7.5. Runlevels and X

In most cases, the default installation of Red Hat Enterprise Linux configures a machine to boot into a graphical login environment, known as runlevel 5. It is possible, however, to boot into the text-only multi-user mode called runlevel 3 and begin an X session from there.
For more information about runlevels, refer to Section 1.4, “SysV Init Runlevels”.
The following subsections review how X starts up in both runlevel 3 and runlevel 5.

7.5.1. Runlevel 3

When in runlevel 3, the best way to start an X session is to log in and type startx. The startx command is a front-end to the xinit command, which launches the X server (Xorg) and connects X client applications to it. Because the user is already logged into the system at runlevel 3, startx does not launch a display manager or authenticate users. Refer to Section 7.5.2, “Runlevel 5” for more information about display managers.
When the startx command is executed, it searches for an .xinitrc file in the user's home directory to define the desktop environment and possibly other X client applications to run. If no .xinitrc file is present, it uses the system default /etc/X11/xinit/xinitrc file instead.
The default xinitrc script then looks for user-defined files and default system files, including .Xresources, .Xmodmap, and .Xkbmap in the user's home directory, and Xresources, Xmodmap, and Xkbmap in the /etc/X11/ directory. The Xmodmap and Xkbmap files, if they exist, are used by the xmodmap utility to configure the keyboard. The Xresources file is read to assign specific preference values to applications.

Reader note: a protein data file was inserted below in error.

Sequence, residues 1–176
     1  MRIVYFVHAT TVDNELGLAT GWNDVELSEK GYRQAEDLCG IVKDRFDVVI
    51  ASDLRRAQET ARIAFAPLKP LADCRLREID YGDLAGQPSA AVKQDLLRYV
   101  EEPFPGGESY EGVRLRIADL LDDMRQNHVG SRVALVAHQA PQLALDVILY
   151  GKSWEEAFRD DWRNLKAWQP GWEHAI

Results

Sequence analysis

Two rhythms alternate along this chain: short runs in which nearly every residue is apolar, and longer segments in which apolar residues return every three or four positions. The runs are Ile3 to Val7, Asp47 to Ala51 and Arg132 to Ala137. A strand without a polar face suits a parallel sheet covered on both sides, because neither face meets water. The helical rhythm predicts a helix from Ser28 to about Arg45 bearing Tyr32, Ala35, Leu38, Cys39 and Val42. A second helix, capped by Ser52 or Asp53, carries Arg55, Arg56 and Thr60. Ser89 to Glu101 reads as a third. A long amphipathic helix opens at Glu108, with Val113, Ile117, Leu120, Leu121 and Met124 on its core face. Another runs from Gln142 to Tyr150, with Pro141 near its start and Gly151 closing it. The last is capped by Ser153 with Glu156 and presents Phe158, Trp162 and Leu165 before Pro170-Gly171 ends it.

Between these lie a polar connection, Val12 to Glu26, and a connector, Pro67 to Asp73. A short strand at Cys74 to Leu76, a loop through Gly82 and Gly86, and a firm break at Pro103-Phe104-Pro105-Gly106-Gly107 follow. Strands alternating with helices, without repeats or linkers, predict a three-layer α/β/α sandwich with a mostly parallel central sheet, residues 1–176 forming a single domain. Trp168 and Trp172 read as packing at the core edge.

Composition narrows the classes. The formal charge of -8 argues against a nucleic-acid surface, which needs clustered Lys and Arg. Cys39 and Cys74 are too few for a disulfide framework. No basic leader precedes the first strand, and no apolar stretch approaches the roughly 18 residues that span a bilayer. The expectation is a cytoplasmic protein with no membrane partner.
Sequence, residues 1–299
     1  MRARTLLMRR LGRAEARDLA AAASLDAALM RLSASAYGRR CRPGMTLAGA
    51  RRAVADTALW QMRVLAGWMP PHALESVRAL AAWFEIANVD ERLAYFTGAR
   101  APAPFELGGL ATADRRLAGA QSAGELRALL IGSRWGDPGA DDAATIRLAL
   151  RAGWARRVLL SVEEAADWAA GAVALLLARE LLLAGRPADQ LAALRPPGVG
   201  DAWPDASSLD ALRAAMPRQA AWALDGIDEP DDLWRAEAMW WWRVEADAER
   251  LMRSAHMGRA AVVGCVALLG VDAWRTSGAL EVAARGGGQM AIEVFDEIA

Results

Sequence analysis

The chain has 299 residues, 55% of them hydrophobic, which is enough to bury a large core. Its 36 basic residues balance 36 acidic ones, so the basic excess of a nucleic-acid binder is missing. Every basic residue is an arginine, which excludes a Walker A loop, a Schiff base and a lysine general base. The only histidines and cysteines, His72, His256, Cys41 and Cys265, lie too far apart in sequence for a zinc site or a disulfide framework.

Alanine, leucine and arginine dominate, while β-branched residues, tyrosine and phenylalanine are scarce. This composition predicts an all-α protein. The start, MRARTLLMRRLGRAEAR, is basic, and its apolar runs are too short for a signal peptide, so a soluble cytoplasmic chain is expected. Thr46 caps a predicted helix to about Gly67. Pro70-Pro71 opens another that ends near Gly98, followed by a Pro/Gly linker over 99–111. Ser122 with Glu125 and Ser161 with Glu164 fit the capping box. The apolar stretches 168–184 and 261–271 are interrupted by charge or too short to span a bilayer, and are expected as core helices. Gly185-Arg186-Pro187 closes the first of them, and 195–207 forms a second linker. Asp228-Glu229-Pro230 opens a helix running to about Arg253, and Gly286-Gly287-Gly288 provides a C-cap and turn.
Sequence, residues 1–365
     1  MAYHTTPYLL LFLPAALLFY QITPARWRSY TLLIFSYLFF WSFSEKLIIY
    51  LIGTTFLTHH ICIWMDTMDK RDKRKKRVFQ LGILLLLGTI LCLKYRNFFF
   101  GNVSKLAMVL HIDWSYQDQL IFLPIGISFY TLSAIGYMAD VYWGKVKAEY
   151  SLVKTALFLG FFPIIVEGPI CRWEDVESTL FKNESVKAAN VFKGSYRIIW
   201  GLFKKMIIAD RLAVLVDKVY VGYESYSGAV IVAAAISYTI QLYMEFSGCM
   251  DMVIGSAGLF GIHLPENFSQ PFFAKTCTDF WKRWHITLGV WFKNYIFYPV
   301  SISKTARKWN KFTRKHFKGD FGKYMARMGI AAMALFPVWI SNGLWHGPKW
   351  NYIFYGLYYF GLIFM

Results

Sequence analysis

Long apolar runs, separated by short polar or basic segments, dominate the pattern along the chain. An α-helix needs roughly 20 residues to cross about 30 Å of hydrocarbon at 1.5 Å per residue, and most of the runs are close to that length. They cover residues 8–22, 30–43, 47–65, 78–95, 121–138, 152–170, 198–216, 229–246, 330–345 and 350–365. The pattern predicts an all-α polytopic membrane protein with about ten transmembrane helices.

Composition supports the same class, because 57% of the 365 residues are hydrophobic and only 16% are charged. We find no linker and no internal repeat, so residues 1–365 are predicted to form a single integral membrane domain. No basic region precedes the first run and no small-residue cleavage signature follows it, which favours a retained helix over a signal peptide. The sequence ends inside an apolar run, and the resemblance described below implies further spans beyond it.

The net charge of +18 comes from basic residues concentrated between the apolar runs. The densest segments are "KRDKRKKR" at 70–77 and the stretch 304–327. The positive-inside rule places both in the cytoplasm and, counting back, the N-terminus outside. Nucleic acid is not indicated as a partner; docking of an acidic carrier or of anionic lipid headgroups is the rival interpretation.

After setting these options, the xinitrc script executes all scripts located in the /etc/X11/xinit/xinitrc.d/ directory. One important script in this directory is xinput, which configures settings such as the default language.
Next, the xinitrc script tries to execute .Xclients in the user's home directory and turns to /etc/X11/xinit/Xclients if it cannot be found. The purpose of the Xclients file is to start the desktop environment or, possibly, just a basic window manager. The .Xclients script in the user's home directory starts the user-specified desktop environment in the .Xclients-default file. If .Xclients does not exist in the user's home directory, the standard /etc/X11/xinit/Xclients script attempts to start another desktop environment, trying GNOME first and then KDE followed by twm.
The user is returned to a text mode user session after logging out of X from runlevel 3.